My Parents Are Young Grandparents & It’s Such A Gift


My mom had me when she was 18, fresh out of high school and in her first year of college. And she struggled for a long time with feelings of shame and awkwardness as she navigated life as a mother alongside women much older and more experienced than her. For so many years, she felt her youth was a disadvantage and something she tried hard to hide. But today, 10 years since I had the first of my four kids, she and my dad are living their best lives as active, vibrant, able-bodied grandparents. Their youth is a gift, and I never take it for granted.

It’s a gift mainly because I decided to have four pretty wild and eccentric kids. I mean, with one or two kids, you can drop ‘em off pretty much anywhere and know they’ll survive. But four?! My parents can chase my toddler up and down the basketball court, body surf with them in the ocean, and run alongside them as they scooter around the neighborhood without missing a beat. And while I watch it all in action, I am reminded just how lucky I am.

It impacts our mother-daughter relationship so positively as well. She is a fun, independent, active peer who loves to do many things I do. We go on power walks, chat about the same pop culture happenings, and enjoy a quick overnight together in the city for dinner and shopping. She is entirely in tune with the current culture, and we communicate primarily like best friends — while she also offers me the most sound, honest, and motherly advice about pretty much everything.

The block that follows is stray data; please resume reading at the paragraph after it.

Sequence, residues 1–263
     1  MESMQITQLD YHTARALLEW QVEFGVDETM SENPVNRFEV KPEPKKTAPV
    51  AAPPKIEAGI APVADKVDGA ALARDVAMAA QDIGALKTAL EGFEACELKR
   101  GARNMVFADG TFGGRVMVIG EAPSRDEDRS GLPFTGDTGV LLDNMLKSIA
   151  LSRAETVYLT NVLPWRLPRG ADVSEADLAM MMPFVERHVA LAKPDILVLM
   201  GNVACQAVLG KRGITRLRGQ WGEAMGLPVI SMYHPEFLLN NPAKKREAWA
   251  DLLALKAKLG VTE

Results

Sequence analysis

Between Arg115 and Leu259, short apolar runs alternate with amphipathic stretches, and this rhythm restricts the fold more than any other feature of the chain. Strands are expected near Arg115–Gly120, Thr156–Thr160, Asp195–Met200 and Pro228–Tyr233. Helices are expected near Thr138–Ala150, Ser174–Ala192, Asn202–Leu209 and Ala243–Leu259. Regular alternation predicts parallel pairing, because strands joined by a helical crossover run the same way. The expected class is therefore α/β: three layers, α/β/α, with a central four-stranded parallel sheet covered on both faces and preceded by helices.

My dad, too, is much younger than my friends’ fathers. We share the same humor, he lets me shop for his clothes, and his yearly Spotify wrap is mostly Dua Lipa. While my friend’s dads are adorably frustrated and confused by the latest iPhone technology, mine is texting me links to favorite TikTok videos with a sarcastic comment and accompanying emoji. And as a grandfather, he’s the best of both worlds because while he does some traditionally grandparent-ish things with my kids, like play cards and read books, he also dominates video games, gives shoulder rides, and can out-muscle my older ones in a friendly WWE couch-match.

As I look ahead, I feel hopeful that their youth will allow them the ability to be here for so many of our future moments. Graduations, weddings, my grandkids, I want us to experience it all together. I want my mom’s youth — the one thing she once felt so embarrassed by — to be the biggest blessing of her life. Because it certainly is mine.

And sometimes I feel sad knowing I won’t have the same grandmother story, since my childrearing began a full decade after hers. I remember sitting in my hospital bed after the birth of my fourth child. The three little ones were with my parents, and as I sat staring at my new daughter, I wondered if I would do that for her one day.

I realized then that if she has kids someday, I will likely be far older than my mother. I realized the whole scene would likely look a lot different with me maybe moving a bit slower, with a little less energy. But rather than dwell on the fact that I may never get to be the super-young grandparent that my parents have been, I decided I will just continue to feel insanely lucky that my kids got to have that. And who knows, maybe I will end up being the hippest, most agile 80-year-old on the block. I sure hope so.

Samm is an ex-lawyer and mom of four who swears a lot. Find her on Instagram @sammbdavidson.





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